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Record 8/294
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Letter written by Joseph Arnold to his family in Oshkosh, Wisconsin. Joseph was a member of the 1st Wisconsin Volunteer Infantry (3 Months Service) when he wrote this letter. He describes his observations of the city of Harper's Ferry, Virginia, where the Federal Arsenal had been destroyed by Confederate forces. Harper's Ferry, July 23, 1861 Dear parents and siblings, Yesterday, we left Charlestown, [Virginia] and came here to Harper's Ferry. When we arrived here, I went to see the arsenal, which the Secessionists burnt down. It is a large building made of brick, about 400 feet in length, and consists of a number (of buildings). Each building is specifically for casting bullets and for fabricating rifles in general. The buildings are situated in a valley below on the Potomac. Between the buildings, there is a road, which was lined with beautiful shady trees. There is a water reservoir beside the road for putting out fires in case one should break out. The magazine is along the way. Behind the rifle factory is the arsenal, which the Union troops burnt as they were driven out. You see, they took with them as many rifles as they could and burnt the ones they did not take lest they fall into the hands of the Secessionists. When the Secessionists arrived in Harper's Ferry, they burnt down the rifle factory as well as an iron bridge, which is about a quarter of a mile in length. And they sent in six cannons, two of which are 36-pounders and about 15 feet long. [Continued on the back side] Maryland, July 25, 1861 Dear parents, I began this letter in Harper's Ferry. However, we received marching orders, and I was unable to finish it. We left Harper's Ferry the day before last, again crossing the Potomac River. Two miles from the river, we met the 3rd Wisconsin Regiment with a company from Oshkosh. I talked to some acquaintances from Oshkosh. Now, we are 30 miles from Harper's Ferry, and we are going to guard the canal, the Potomac [River], and the railroad here until our time is over. Where or near which town we are at current, I do not know. Our time will be over August 17. We will then return to Wisconsin. I have received word that the 2nd Wisconsin Regiment fought a battle near Manassas Junction, [Virginia] and it is said that many lost their lives there. I heard that 70 men from one company are said to have died. I do not know of any further news. I have received only one letter from you. Whether they did not reach me or whether you did not write, I do not know. This is the fourth letter I am writing to you. When you receive this letter, you do not need to respond to it anymore. Because by the time your letter arrives here, I may already be able to speak to you face to face. I will close now and will forever remain Your son and brother Joseph Arnold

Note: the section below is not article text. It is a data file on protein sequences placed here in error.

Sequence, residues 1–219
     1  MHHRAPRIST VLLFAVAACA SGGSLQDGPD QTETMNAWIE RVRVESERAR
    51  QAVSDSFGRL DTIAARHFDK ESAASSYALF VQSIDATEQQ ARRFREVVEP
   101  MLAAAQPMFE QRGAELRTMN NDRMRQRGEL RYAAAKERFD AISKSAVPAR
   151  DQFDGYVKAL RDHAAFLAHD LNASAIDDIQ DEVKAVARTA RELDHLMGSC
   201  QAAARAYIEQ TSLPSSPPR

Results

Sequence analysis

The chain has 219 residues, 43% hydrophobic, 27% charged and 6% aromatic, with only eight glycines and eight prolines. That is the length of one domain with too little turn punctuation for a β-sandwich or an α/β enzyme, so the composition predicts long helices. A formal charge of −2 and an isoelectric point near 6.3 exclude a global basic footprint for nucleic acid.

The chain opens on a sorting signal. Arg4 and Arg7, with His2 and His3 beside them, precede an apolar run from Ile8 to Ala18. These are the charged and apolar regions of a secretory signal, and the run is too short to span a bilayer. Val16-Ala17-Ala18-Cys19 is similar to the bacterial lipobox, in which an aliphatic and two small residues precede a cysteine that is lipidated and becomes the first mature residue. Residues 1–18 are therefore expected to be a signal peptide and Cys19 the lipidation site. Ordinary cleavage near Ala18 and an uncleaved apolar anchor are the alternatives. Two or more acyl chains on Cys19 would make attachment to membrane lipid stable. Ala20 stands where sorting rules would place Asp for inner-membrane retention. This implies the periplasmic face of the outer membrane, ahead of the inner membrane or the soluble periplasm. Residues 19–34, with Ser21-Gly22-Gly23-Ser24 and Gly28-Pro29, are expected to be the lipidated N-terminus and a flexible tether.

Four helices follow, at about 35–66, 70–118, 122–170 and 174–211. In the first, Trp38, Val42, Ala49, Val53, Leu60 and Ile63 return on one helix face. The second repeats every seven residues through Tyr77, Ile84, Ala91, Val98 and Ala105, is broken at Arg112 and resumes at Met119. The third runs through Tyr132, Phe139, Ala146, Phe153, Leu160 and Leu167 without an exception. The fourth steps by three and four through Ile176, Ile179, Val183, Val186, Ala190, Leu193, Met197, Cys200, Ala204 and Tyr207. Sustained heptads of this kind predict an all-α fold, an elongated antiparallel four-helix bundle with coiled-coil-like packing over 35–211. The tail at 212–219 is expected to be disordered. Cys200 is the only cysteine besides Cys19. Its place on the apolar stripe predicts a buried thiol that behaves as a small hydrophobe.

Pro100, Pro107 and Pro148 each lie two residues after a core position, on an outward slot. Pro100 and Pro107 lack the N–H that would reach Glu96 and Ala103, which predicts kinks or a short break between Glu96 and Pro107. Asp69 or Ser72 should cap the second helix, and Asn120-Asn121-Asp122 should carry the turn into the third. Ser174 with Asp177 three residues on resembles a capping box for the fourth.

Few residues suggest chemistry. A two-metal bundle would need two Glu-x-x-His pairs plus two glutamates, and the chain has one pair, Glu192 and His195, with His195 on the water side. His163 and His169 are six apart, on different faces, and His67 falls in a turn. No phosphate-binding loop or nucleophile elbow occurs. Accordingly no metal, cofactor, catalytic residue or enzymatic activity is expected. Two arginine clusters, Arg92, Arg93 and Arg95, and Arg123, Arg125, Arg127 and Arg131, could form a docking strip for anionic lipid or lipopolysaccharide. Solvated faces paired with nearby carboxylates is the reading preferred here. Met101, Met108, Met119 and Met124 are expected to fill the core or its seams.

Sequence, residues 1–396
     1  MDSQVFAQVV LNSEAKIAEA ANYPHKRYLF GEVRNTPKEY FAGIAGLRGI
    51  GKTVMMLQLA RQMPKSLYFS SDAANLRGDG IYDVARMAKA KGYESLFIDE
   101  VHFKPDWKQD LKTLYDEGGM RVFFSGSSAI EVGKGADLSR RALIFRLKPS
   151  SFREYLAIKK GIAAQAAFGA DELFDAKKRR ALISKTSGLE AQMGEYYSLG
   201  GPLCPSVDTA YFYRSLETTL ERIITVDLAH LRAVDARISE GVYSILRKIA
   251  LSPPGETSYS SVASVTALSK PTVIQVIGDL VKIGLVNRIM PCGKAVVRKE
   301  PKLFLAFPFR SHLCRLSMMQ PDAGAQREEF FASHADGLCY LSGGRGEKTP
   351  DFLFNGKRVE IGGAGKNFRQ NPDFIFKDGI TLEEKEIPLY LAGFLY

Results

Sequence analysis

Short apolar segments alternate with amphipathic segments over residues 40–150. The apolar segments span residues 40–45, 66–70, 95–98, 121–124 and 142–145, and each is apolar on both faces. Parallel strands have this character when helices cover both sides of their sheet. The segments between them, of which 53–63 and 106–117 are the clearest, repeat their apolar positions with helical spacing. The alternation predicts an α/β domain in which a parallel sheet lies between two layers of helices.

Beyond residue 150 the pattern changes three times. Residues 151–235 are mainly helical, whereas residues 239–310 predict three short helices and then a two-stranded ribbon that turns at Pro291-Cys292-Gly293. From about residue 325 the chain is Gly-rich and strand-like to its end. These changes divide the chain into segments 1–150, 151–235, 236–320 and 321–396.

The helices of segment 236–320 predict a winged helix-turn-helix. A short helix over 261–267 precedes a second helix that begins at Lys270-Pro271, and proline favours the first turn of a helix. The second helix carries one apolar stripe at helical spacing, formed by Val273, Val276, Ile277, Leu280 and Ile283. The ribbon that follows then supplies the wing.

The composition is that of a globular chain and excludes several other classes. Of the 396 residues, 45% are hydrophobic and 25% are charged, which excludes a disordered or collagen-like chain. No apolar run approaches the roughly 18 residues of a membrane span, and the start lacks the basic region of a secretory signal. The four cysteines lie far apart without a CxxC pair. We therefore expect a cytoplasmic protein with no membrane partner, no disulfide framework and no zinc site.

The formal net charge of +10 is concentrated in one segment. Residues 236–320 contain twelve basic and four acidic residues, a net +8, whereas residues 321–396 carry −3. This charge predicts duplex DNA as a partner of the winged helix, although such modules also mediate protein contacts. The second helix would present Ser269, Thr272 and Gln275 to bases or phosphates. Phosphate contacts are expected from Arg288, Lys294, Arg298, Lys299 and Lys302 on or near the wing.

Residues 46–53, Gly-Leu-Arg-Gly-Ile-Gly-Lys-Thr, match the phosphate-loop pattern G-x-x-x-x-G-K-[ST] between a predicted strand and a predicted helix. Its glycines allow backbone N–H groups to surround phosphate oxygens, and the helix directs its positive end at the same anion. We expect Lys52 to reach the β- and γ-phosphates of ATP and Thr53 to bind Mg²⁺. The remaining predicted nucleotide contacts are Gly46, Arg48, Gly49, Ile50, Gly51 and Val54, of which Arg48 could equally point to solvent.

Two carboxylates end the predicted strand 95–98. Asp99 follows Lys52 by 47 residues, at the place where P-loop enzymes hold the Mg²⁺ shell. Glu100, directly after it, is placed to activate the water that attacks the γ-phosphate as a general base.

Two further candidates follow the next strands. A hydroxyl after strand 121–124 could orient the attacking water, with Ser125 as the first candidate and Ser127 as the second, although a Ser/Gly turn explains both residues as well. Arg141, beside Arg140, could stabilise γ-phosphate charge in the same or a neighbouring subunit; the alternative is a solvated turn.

Letter -THE CIVIL WAR -Copyright Oshkosh Public Museum
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Last modified on: December 12, 2009